Have we got news for you

16:00, Nov 09 2013
Live At Six play
LIFE IN NEWS: Jane Kenyon stars as Jess Robinson – a news anchor whose private life spills into her worklife – in Live at Six.

Making people look twice at the nightly news. That's what Live at Six co-writer Dean Hewison hopes audience members take away from his stage show.

Having already caused a splash in Christchurch, Wellington, Nelson and Tauranga, Hewison and Leon Wadham's media satire finally hits Auckland this week with a five-night stay at the Aotea Centre.

Set in the sometimes cut-throat world of television news in New Zealand, Live At Six tells the story of anchor Jane Kenyon (Jess Robinson), who falls victim when footage of her (apparently) misbehaving at a party goes viral - rocking both her life and her career.

 	 Live At Six play
LIVE AT SIX: The play offers the audience the chance to decide how the drama will play out.

With the story out, the race is on for both her network and the competition to package the footage and the story. Whose version will the public believe and, more importantly, whose will they tune in to?

What sets the production of Live At Six apart is its incorporation of on-the-fly footage, on-the-night footage and a very real deadline.

Each performance begins as the "incident" occurs pre-show, captured by specially fitted security cameras.


Audience members are also implored to use their smart phones to shoot the action and upload to the show crew, with these and audience interviews at the interval forming part of both networks' final edit.

Hewison says his original idea for the show revolved around a reality TV programme. "I wrote about seven or eight pages of that before I brought it to Leon and we decided that was too expected, that it would be more interesting to target something where footage manipulation was less expected."

Bringing Live at Six to life has involved plenty of challenges, Hewison says, especially getting the necessary budget to do it right. "You also have to find two actors who can also edit or two editors who can also act."

He describes the show Aucklanders will see as the "best version of it so far".

"This is our third iteration of it. Before each season Leon and I revisit the script and make quite substantial changes based on what's changed technologically or in the media environment."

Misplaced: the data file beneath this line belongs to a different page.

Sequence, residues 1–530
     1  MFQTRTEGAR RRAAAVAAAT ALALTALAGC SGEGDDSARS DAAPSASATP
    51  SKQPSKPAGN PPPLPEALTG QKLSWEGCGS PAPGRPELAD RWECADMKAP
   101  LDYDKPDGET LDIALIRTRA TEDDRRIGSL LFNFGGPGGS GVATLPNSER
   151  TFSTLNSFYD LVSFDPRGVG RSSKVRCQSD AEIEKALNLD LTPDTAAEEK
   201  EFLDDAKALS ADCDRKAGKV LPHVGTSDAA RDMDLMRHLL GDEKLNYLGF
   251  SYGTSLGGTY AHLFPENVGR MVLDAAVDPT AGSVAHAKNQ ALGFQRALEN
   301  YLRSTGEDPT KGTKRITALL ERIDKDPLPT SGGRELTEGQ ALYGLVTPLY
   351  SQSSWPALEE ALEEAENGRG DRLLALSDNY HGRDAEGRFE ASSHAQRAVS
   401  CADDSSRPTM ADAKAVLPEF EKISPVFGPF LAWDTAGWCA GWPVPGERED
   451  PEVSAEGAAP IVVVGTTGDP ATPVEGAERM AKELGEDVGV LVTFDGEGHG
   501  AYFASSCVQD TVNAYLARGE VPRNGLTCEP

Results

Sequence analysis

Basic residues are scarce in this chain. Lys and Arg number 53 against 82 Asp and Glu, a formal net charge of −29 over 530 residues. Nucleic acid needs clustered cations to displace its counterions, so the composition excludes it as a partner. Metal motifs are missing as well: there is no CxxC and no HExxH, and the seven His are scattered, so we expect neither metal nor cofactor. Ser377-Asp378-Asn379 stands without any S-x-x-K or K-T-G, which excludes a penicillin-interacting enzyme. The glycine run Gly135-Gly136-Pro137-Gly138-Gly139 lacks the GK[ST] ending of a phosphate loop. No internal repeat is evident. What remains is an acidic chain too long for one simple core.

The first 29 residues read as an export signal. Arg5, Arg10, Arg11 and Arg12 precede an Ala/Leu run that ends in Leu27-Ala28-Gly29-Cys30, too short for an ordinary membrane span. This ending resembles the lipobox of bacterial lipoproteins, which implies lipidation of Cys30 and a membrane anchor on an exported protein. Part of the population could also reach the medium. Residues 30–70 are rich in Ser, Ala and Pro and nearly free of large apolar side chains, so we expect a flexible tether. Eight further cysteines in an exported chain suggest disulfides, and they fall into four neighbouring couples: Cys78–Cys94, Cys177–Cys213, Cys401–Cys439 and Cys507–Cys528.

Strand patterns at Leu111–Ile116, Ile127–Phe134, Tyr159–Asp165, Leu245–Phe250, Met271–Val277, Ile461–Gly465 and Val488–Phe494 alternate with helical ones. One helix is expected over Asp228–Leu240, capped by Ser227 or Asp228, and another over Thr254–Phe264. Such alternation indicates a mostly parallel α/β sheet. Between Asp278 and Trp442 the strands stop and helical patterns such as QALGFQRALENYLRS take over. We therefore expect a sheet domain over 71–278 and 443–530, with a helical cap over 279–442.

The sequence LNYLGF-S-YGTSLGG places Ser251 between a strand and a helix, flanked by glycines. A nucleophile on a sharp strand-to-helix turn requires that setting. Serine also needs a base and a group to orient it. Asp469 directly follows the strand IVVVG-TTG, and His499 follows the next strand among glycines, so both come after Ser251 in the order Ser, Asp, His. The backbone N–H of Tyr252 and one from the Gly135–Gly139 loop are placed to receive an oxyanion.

When it debuted in 2009, Live at Six's plot involved someone selling a tape of footage to somebody else who put it on YouTube.

"Eventually we wrote that out," says Hewison.

"We got rid of our bad guy and made the audience the bad guy."

Despite the changes, the message is the same, he says. "We want people to wonder about who is telling them what's news and what agenda they may have."

Hewison would love to see the black comedy head offshore ("most countries have two main networks competing with one another") but says the logistics may make that cost prohibitive.

However, one of the New Zealand Broadcasting School graduate's other projects has recently achieved international acclaim.

Feature film How to Meet Girls From a Distance (only made as a result of Hewison and his team winning the inaugural Make My Movie competition in 2011), which Hewison directed and co-wrote, took out the Le Grand Prix du Jury (Best Feature) at the Festival Des Antipodes in France.

A surprised but stoked Hewison says he would love to see a French overdub of his "peeping Tom rom-com".

"The woman who was doing the French subtitling for us would send lots of emails asking us ‘what does this joke mean? and ‘surely it doesn't mean this?"'

He says the film is still slowly going around the global film festival circuit, been sold to Australia and they are now weighing up whether to release it as a video-on-demand.

In the meantime, Hewison is writing his second feature, a comedic crime-noir set in the world of the "closest thing New Zealand has to the criminal underworld - the people that own the two supermarket chains".

He's also developing a TV show with the Wellington-based Gibson Group, which he describes as the "most fun job" he's ever had. "It's a couple of us in a room trying to make each other laugh."

The collaborative approach is something Hewison is well used to having taken part in the annual 48-Hour Furious Filmmaking Challenge for the past nine years. Describing it as "a pretty extreme film school", he says he would "absolutely recommend it to anyone interested in making films".

"Every year we try to make a better film. We used to write until midnight Friday and now we'd be lucky if we finish before 5.30am Saturday morning."

That focus paid off earlier this year with victory for Hewison's Traces of Nut team's crime movie The Sleeping Plot in the Grand Final (his 10-year-old daughter Nova Waretini-Hewison also won best actress), something which he says has definitely opened doors.

"We're on a watchlist now of people that the New Zealand Film Commission is interested in supporting."

He's also not ruling out another stage production. "I like to think people crave interaction with their theatre. I think the great thing about Live at Six is the audience don't actually have to do anything and yet they become part of the show."

Live at Six, Aotea Centre, November 12 to 16.

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